Randomly selecting functions to test can be thoought of as a base line scenario. Therefore, we use the random heuristic's performance as a base line to compare the performance of the other heuristics, too.

In their article (1) they furthermore show that this approach really has advantages over picking parts of code randomly. Also, there aren't many methods known for prioritising, in fact so far I haven't found anything else.

Some ideas about how to implement the TDM heuristics with StatSVN, Reflection and Gendarme
Of course, we don't dispose of the tool Shihab et al. used and we don't have time to create one ourselves. But we can try to implement it partially.
The crucial point is to get hold of the project's history. If it has been checked into a CVS or SVN repository, we can get that information by its repository log. We suppose we have an SVN repository.

In a shell we navigate to the working directory of the checked out project and we type
svn log -v --xml > logfile.log

to obtain the history needed. After that we generate StatSVN's documentation by typing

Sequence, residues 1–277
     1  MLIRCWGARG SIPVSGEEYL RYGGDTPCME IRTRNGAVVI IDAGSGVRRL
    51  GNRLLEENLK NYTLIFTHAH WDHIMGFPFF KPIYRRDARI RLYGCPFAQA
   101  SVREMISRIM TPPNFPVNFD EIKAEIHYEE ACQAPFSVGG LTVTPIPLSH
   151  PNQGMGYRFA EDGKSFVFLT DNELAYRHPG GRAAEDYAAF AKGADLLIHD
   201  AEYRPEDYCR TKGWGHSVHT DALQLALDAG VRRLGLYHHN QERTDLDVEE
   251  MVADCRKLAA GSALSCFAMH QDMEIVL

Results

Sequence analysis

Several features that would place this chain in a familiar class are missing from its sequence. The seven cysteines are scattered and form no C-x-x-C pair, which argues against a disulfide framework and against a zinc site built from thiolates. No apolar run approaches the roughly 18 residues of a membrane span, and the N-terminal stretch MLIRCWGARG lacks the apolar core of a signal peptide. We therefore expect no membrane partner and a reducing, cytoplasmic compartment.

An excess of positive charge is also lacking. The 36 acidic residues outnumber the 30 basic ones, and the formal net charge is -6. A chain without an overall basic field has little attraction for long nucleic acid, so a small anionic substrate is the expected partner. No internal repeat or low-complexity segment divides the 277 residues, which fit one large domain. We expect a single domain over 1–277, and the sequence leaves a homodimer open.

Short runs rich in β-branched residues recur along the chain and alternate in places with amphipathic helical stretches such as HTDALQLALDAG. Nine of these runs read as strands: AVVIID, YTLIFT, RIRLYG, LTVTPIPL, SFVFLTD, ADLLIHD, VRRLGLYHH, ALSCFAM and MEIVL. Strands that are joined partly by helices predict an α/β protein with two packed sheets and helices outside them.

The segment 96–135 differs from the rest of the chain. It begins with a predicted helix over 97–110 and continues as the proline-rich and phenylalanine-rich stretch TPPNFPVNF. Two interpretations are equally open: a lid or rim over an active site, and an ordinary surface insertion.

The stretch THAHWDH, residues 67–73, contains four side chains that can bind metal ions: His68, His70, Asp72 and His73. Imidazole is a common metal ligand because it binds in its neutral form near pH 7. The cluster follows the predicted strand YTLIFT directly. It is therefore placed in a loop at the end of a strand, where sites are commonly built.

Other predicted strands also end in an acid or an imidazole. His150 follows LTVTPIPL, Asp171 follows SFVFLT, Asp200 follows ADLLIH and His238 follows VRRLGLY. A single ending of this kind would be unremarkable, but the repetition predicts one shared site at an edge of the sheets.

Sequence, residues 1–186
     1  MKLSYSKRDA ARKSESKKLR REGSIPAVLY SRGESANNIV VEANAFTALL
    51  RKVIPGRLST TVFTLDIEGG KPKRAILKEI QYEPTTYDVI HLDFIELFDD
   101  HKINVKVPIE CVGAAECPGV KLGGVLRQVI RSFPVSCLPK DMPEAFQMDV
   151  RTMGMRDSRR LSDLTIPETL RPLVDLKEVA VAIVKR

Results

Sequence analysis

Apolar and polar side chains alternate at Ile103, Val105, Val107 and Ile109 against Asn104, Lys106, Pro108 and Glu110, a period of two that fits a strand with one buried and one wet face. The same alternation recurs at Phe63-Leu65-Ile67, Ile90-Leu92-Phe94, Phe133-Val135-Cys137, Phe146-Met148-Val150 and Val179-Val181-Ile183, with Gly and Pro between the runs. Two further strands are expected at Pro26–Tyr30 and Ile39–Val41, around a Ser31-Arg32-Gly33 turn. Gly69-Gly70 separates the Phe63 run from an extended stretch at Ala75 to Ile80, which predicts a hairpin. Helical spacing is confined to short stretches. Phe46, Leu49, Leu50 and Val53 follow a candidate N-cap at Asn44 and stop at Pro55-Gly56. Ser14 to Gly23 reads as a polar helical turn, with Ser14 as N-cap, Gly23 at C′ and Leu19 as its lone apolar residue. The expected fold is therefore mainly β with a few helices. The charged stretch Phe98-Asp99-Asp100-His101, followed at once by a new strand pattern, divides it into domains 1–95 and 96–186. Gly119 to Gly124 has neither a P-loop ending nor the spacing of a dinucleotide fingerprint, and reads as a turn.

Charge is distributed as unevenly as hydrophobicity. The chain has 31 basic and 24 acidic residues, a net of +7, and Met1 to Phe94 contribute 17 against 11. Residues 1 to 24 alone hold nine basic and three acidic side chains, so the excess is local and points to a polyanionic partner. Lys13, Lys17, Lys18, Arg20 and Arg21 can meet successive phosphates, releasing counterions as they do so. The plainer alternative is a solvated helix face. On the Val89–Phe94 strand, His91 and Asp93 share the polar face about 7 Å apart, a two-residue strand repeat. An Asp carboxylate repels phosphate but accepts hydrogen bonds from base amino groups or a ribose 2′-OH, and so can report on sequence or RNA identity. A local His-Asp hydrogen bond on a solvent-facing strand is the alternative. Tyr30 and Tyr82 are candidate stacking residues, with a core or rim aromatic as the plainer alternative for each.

java -jar /path/to/statsvn.jar /path/to/module/logfile.log /path/to/module

We do all this because StatSVN automatically produces a list of the 20 biggest files and the 20 files that have the most revisions. Thus we implement MFM and LM (see above) on file (not object or function level).

Note that you would normally want to finetune StatSVN's output, e.g. use -include "**/*.cs" -exclude "DeletedClass.cs:ClassWithTests.cs" to include only source files and exclude files that have been deleted (StatSVN will show them to you in your first run) or do already have unit tests. 

We can obtain information about the other heuristics by the other options StatSVN offers (e.g. bugzilla integration), by talking to our developers, Static Code Analysis.
Furthermore making use of any Reflection Framework we can count the number of classes and their members. This will give us some useful information about the complexity, if we accept the following intuition: